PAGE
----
Last Updated on Saturday, 26 December 2015, 21:00 by GxMediaRegional ministers say there has been no lag in the implementation of the Jagdeo Initiative on Agriculture conceptualised in 2003 even as they acknowledge that they should be further along with the plan.
The remarks came at a news conference on Friday which marked the end of Caribbean Week of Agriculture (CWA) 2013 in Georgetown, Guyana.
The Jagdeo Initiative named after former Guyanese president Bharrat Jagdeo was first voiced under his tenure as Lead Head on Agriculture and identified 10 key binding constraints to the sector’s development. It was visualised that its implementation would see agriculture playing a greater role in national and regional development by 2015.
“We all lament the fact as ministers that the progress has been very slow and painstaking and that maybe we should have been much more advanced than we are presently.
That being the case though we recognise that there’s still a need for us to work from a national standpoint ensuring that our populace understand their role, that our various ministries perform their roles and at the same time link it to the regional initiative,” Grenada’s Agriculture Minister Roland Bhola said.
His Guyanese counterpart Dr. Leslie Ramsammy also acknowledged that progress was slow but added that CWA 2013 reaffirmed their commitment to use the Initiative as the vehicle to transform agriculture and contribute to sustainable growth in the region.
“I don’t want people to get the impression that the Jagdeo Initiative was formulated and then abandoned, that’s not the case.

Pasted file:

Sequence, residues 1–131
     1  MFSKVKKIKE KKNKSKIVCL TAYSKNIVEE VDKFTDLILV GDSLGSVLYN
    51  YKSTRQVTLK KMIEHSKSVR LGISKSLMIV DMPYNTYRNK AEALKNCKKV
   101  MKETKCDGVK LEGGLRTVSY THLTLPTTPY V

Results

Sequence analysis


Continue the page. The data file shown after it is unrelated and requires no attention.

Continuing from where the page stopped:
According to the minister, much work has been done and he noted that the Initiative identified food and nutrition security as a constraint and set out a number of alleviating activities which included the development of national strategies.
“So far 11 countries have done so and 11 countries have done so not only developing the strategies but work plans with indicators; Guyana is one of those countries. So when we say that we are disappointed and that we have made slow progress we don’t mean that there was a lag in implementation,” Dr, Ramsammy said.
However, the region had not set out timelines for the alleviation measures which it was now looking to do. “We have mandated a working group led by CARDI (Caribbean Agricultural Research and Development Institute) to in fact look at the alleviating activities and put timelines on them.”
Earlier, CARICOM’s Officer-in-Charge of Trade and Economic Integration Desiree Field-Ridley said they would be judged by what comes next with the follow up requiring all the stakeholders in the region working together.